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Thursday round-up


  • For The Wall Street Journal (subscription required), Jess Bravin checks in with Justice Stephen Breyer, whom “stay-at-home orders have all but confined … to the Cambridge, Mass., home he’s owned since his days as a Harvard professor decades ago, along with his wife, daughter and three grandchildren.”
  • At this blog, Amy Howe explains how the 439 seats in the Supreme Court chamber are allocated.
  • At Law360, Jimmy Hoover reports that “the personal trainer for Justice Ruth Bader Ginsburg” says the justice “is still working out with him twice a week at the S. Supreme Court’s private facility.”
  • Tony Mauro reports for The Texas Lawbook (subscription required) that “[t]he U.S. Supreme Court Monday imposed a stiffer level of liability for energy companies involved in tanker ship oil spills and other marine accidents near ports,” this week in CITGO Asphalt Refining Co. v. Frascati Shipping Co., Ltd. [Disclosure: Goldstein & Russell, P.C., whose attorneys contribute to this blog in various capacities, is among the counsel to the respondents in this case.]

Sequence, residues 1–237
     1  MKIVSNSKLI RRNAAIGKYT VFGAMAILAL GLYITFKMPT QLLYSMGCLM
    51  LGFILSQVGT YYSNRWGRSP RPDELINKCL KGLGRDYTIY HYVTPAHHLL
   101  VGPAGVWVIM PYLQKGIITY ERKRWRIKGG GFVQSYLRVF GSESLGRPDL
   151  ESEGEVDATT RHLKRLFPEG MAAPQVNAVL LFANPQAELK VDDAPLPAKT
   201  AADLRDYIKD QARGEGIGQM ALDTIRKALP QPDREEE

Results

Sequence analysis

• At The George Washington Law Review’s On the Docket blog, Laird Kirkpatrick looks at Kahler v. Kansas, in which the court held that the due process clause does not require Kansas to adopt an insanity test that turns on a defendant’s ability to recognize that his crime was morally wrong; he writes that “[t]he most troubling aspect of Kahler is that it raises the question whether there even is a constitutional right to assert an insanity defense.”
  • In an op-ed for The Washington Post (subscription required), George Will urges the court to review Salgado v. United States and to recognize “Congress’s clear intent that victims of spurious forfeiture cases not emerge from the process injured.”
  • In the latest episode of the Heritage Foundation’s SCOTUS 101 podcast, Elizabeth Slattery and Tiffany Bates “recap the Court’s latest rulings (one involves the infamous pirate, Blackbeard)” and “debut their new SCOTUS book club.”

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Recommended Citation: Edith Roberts, Thursday round-up, SCOTUSblog (Apr. 2, 2020, 6:47 AM),